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Collision and causality

  1. Apr 3, 2014 #1
    I have a quick question regarding causality in SR and some specific examples. Collision between two bodies is one of the examples when one event causes another, let's say that a body travels towards another which is at rest and hits it. Now my question may seem strange, but what is really the cause of the acceleration of the second body after the hit. Does the first body as a whole cause the second one to move, or can we consider only the surface of the first body the cause of the event 'the second body starts to move', since only the surface had the interaction with it and therefore we are speaking of two time-like events? But this still sounds confusing since the body as a whole has its mass and force and it seems that when speaking in those terms, we should somehow consider that the body as a whole had something to do with the start of the motion of the second body.

    I appreciate your help, thanks in advance.
     
  2. jcsd
  3. Apr 3, 2014 #2

    Dale

    Staff: Mentor

    It is a little more complicated than either of those options. The effect of the collision starts at the surface where the first body contacts the second body, but after it starts there is a compression wave which travels through the material of the second body at the speed of sound in the material. This wave inside the body is what ultimately causes the rest of the second body to move.
     
    Last edited: Apr 3, 2014
  4. Apr 4, 2014 #3
    So does the surface of the first body have the same force as the first body as a whole while interacting?
     
  5. Apr 4, 2014 #4

    Dale

    Staff: Mentor

    I am not certain that I know what you are asking, but I believe that you are asking if the net force on the first body is equal to the force on the surface of the first body. If that is what you are asking, then yes, provided there are no other forces involved.

    Note, the force acting on the surface of the body causes an acceleration of the center of mass of the body, even while the compression wave is still travelling through the body.
     
  6. Apr 5, 2014 #5
    But the second body 'starts to move' point by point, starting from the sid which underwent collision, right? Since it cannot be rigid. How does the compression wave cause each point to move?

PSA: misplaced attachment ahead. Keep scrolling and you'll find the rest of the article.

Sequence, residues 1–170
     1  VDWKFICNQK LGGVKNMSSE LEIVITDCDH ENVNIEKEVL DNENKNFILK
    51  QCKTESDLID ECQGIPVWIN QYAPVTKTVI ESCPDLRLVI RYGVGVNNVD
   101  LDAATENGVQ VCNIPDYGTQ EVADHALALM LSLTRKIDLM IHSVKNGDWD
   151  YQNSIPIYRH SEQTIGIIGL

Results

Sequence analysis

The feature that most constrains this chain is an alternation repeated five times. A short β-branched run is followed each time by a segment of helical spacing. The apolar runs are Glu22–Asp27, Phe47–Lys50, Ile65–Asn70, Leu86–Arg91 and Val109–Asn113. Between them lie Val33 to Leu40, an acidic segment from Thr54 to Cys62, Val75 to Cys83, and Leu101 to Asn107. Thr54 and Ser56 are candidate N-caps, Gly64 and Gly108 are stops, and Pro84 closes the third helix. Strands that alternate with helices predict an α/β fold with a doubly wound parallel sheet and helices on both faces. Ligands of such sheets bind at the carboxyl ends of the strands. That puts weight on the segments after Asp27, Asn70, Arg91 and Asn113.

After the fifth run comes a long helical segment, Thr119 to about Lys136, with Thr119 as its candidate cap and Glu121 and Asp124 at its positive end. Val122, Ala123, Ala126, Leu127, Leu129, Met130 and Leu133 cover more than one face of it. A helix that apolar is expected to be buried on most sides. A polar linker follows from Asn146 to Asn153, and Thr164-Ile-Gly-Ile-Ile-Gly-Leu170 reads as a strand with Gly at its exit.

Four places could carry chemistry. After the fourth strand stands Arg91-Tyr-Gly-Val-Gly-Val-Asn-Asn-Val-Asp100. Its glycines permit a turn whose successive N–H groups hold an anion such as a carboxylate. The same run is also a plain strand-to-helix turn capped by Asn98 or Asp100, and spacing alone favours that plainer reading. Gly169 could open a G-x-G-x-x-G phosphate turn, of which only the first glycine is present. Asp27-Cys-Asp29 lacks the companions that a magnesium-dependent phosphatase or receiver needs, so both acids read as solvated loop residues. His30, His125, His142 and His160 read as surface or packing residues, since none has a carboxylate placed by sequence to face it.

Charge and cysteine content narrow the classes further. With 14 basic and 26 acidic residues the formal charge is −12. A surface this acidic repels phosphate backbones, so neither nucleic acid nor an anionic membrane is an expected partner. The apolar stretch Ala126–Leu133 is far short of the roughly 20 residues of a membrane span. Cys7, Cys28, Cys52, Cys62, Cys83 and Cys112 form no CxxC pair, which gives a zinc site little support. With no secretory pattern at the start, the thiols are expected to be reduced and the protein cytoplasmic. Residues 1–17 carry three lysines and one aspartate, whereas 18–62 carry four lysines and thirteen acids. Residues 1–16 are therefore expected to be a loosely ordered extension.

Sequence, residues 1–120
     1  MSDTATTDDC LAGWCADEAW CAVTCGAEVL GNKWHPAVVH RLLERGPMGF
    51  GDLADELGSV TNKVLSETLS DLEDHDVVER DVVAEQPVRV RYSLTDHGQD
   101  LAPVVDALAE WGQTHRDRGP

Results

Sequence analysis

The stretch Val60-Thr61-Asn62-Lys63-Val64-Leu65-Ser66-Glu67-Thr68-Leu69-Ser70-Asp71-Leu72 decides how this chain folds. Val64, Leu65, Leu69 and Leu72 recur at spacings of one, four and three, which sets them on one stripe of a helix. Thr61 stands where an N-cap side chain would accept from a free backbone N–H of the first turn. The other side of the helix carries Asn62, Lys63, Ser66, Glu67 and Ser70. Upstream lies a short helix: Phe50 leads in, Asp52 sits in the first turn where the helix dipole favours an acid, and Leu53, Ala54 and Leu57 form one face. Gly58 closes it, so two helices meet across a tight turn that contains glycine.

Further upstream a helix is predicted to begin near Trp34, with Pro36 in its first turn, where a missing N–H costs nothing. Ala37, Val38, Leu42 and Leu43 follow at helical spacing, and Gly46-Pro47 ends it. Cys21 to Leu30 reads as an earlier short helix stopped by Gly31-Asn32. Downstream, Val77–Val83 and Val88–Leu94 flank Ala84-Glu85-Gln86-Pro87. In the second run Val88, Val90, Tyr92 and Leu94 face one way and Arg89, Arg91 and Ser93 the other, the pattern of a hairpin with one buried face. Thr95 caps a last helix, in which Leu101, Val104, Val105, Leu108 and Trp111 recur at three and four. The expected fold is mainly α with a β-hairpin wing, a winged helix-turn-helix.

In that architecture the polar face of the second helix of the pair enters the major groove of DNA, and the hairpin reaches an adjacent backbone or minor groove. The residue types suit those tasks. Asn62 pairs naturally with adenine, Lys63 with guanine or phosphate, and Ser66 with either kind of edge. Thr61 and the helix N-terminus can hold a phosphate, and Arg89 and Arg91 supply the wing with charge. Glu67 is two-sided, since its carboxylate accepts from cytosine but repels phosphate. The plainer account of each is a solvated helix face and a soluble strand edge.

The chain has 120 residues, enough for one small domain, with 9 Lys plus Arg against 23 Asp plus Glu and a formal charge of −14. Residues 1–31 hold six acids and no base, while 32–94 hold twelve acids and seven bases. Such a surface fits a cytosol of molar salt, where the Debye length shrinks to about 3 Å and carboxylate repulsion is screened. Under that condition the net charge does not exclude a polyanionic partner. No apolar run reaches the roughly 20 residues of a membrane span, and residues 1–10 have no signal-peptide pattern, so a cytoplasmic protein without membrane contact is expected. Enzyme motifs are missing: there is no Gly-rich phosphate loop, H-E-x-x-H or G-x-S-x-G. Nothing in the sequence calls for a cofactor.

7. Apr 5, 2014 #6

    Dale

    Staff: Mentor

    Yes.

    The internal stresses change as the compression wave passes.

    Suppose that the compression wave is a perfectly sharp rectangular wave, meaning that where the wave is located there is a constant compressive stress and there is 0 stress elsewhere. Then if you consider an infinitesimal cube of material which crosses the border of the wave it is clear that the forces are unbalanced and therefore it accelerates.
     
  8. Apr 5, 2014 #7

    Bill_K

    User Avatar
    Science Advisor

    This is all just basic Newtonian continuum mechanics. It has nothing to do with relativity.
     
  9. Apr 5, 2014 #8

    Dale

    Staff: Mentor

    Yes.
     
  10. Apr 5, 2014 #9

    AlephZero

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    Science Advisor
    Homework Helper

    What Bill-K said, but the OP might not know these effects are very slow compared with the speed of light. In most common materials on earth, the speed of the compression wave is between 1 and 10 km/s. It is quite straightforward to measure these effects in lab-bench-sized experiments.
     
  11. Apr 7, 2014 #10
    I'm sorry, I didn't know that it was basic Newtonian mechanics, I thought it was connected with SR since in it there is no real rigid bodies. Anyway, thanks.
     
  12. Apr 7, 2014 #11

    Dale

    Staff: Mentor

    No worries. This does fall under Newtonian mechanics, in other words, if you are analyzing the motion of a non-rigid body in Newtonian mechanics then you would get all of the compression waves etc. which we have discussed.

    The difference between relativity and Newtonian mechanics is not in the treatment of realistic non-rigid bodies, but simply the fact that idealized rigid bodies are incompatible with relativity while they are compatible with Newtonian mechanics.
     
    Last edited: Apr 7, 2014
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